Gentrification, which is basically the re-development of older urban neighborhoods into more upscale retail, professional and residential space, is an important area of study in urban geography and often a controversial issue in many cities. A recent article on the Toronto Star website discusses some of the issues surrounding gentrification in Toronto, Canada. I think a lot of the themes in this article could apply to many cities around the world.
As many of you know, GIS analysis is based on the notion that alorithms within the computer can be used to analyze the digital representations of real-world physical features such as topography that are stored in the GIS. An example of an algorithm-based analysis would be a Least Cost Path, which analyzes the elevation values between two points and calculates the path between them that would require the least cost to traverse. The cost can be defined in any number of ways. The C5 Landscape Initiative is a series of projects that explore using GIS to represent different conceptions of the landscape as we move through it. One of their GIS-related projects, which incorporates virtual hiking, is called The Other Path. They trekked the Great Wall of China and mapping it using GPS, then returned to California and used various techniques to map out a path in a virtual California landscape using a virtual hiker, “an algorithm that produces computationally derived paths from data in such a way that allows them to be re-followed through the actual world.” The analysis created a virtual path in California that matched the path of the Great Wall in China. Then, they physically hiked the path to compare the experience. It’s pretty amazing stuff and only one of their projects. They have also created the C5 Landscape Database, which has an open-source API for Digital Elevation Model processing and analysis.
The BBC has an interesting article on the scanning and modeling of heritage sites in Africa. This is along the same lines as some of the work that Sue and I have worked on here in the US and are starting to work on in Japan (now if we can just talk someone to sending us to Japan on their dime ). Much of the work to date has not contextualized the individual structures in their landscape which is what we are trying to push in the presentations we have been involved in with Trevor Harris, our committee chair.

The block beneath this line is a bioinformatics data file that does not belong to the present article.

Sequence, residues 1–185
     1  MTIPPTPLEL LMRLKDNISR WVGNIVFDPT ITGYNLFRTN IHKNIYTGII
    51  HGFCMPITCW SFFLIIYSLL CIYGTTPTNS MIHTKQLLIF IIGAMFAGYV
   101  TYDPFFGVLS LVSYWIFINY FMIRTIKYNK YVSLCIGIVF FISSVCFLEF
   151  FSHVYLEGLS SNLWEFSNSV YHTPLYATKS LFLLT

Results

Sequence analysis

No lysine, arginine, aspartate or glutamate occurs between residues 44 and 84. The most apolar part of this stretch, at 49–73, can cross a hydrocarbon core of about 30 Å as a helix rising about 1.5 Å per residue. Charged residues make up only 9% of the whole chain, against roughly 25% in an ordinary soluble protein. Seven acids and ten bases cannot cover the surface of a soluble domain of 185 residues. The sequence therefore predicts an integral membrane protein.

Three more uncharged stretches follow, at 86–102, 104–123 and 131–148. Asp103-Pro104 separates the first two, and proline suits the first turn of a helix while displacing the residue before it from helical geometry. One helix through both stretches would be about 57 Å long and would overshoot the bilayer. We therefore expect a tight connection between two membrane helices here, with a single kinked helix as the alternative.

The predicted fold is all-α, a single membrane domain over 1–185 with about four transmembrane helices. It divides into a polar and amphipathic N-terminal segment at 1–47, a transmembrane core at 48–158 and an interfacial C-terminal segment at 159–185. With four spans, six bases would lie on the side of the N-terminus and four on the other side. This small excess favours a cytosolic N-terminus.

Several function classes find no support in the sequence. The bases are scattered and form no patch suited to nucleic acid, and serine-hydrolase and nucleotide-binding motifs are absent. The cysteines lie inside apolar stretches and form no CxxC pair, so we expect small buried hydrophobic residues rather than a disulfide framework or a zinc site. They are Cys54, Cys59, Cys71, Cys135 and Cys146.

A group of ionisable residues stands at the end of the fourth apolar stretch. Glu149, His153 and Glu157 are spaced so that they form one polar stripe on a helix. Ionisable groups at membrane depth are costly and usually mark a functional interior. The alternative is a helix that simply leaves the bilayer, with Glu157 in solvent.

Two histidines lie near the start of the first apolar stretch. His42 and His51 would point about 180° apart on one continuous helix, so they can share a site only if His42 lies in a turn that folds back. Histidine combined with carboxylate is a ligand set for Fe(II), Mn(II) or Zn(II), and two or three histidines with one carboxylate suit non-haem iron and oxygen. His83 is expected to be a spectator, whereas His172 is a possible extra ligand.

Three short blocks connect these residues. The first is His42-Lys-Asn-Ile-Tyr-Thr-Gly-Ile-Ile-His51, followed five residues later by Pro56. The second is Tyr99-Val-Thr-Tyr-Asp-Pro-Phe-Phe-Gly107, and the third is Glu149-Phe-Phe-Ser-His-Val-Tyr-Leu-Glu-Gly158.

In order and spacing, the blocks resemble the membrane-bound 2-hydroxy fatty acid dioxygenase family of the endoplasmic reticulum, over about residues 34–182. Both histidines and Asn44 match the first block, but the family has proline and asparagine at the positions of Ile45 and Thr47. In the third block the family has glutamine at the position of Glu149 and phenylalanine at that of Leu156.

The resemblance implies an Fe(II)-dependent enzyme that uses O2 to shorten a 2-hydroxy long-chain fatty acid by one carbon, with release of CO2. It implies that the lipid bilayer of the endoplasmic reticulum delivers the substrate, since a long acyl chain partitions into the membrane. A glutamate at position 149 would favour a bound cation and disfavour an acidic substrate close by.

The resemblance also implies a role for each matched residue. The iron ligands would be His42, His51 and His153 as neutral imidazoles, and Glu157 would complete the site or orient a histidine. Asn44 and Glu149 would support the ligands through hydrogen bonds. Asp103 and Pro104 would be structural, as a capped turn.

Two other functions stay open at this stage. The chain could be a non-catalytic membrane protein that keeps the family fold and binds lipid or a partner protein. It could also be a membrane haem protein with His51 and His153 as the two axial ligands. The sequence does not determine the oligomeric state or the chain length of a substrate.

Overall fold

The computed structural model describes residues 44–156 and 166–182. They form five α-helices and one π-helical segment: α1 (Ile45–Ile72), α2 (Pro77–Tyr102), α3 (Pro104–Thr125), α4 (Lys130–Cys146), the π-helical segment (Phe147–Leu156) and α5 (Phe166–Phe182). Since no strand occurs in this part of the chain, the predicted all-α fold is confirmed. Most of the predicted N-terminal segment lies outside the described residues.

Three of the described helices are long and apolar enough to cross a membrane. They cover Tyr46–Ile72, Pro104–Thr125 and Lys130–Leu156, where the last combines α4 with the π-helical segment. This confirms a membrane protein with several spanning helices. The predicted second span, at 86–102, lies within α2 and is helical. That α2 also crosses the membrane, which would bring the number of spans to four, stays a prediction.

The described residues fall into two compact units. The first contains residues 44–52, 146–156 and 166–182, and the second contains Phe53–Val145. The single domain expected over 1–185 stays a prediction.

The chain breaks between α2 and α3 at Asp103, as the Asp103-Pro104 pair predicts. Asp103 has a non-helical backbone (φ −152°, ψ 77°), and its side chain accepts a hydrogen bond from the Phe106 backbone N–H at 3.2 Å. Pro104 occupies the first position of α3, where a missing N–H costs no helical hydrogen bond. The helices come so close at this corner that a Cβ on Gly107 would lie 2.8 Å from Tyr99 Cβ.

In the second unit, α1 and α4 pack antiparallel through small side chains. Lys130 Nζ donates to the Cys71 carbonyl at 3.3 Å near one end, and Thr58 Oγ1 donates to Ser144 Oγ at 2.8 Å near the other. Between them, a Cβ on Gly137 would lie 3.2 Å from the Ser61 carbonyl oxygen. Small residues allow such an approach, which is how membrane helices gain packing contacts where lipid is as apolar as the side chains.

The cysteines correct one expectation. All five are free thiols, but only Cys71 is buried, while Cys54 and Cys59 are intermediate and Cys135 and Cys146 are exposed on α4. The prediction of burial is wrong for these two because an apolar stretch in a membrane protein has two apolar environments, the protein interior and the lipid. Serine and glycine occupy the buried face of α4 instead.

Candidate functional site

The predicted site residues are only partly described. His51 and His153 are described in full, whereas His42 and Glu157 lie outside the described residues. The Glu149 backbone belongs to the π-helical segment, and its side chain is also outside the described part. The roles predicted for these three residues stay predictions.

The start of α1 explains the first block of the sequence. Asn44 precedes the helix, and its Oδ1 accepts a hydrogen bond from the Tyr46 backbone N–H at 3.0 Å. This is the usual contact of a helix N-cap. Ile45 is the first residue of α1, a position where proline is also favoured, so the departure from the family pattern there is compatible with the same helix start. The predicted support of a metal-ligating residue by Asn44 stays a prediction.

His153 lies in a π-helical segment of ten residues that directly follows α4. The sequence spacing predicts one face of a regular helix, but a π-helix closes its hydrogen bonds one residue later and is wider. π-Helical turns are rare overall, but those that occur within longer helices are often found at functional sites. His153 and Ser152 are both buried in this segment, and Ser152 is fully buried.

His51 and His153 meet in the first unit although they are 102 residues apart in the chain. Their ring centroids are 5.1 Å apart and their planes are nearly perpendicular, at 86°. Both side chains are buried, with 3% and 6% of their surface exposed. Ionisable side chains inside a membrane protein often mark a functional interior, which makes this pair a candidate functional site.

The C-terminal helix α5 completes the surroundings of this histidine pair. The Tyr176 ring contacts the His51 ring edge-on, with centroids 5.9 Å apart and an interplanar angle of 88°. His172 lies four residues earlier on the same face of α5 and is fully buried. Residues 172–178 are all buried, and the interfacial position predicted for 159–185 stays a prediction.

this story offers up some information on a drought in Africa 70k years ago found through soil cores. The story also offers up an interpretation that is related to our GAW discussion on human migration.
Understanding how diseases spread is not a new discipline of study, but with increased concerns about the effects of our global world on the spread of dangerous viruses like SARS, AIDS, and yes, bird flu, I thought it would be timely to mention yet another use of GIS, Remote Sensing, and other geospatial technologies: landscape epidemiology. As a discipline, it dates back to the 1960s, when the notion that understanding the landscape and environment in areas where certain diseases develop or are particularly dangerous could help in predicting where diseases will spread and how severe outbreaks will be. Satellite imagery and GIS are being used successfully in landscape epidemiology studies, and a number of examples can be found on the Web, including a GIS project mapping SARS featured at GISUser.com
The ZevRoss website has a nice overview article here
Although definitions vary, most agree that human geography focuses on the interactions between humans and their environment, and the spatial relationships that define and are defined by those interactions. Human geography has many sub-disciplines, from cultural geography to urban geography to historical geography and many others (Wikipedia lists 18 fields of Human Geography, and thatÃ¢â‚¬â„¢s not even all of them).
Over on the Digital Divide Network, they mentioned an online interactive map illustrating the digital divide. I went to the website, Maplecroft maps, and found a nice interactive mapping tool that has thematic maps for a number of environmental, social, economic, and political topics, including military expenditures, perceptions of corruption, climate change, and poverty. The interface is pretty straightforward, and users access information about each country via a mouseover. It’s a interesting project, and they plan to add more thematic maps in the future.
Maplecroft itself is a
Canadian British consulting firm that helps companies address social, environmental, and ethical issues.
Back in the fall of 2004 the BBC news site started a series called “Planet under pressure”. It covers alot of the important issues facing the world including global warming, pollution, and hunger.
This is a pretty cool project that I just read about via Wired. It is about mapping our world based on our perception of it, not just by physical coordinates. It was started only a month ago by Michael Baldwin, an English teacher living in Brazil.
You can participate in the project by going to CommonCensus.org and adding your address and answering a few questions.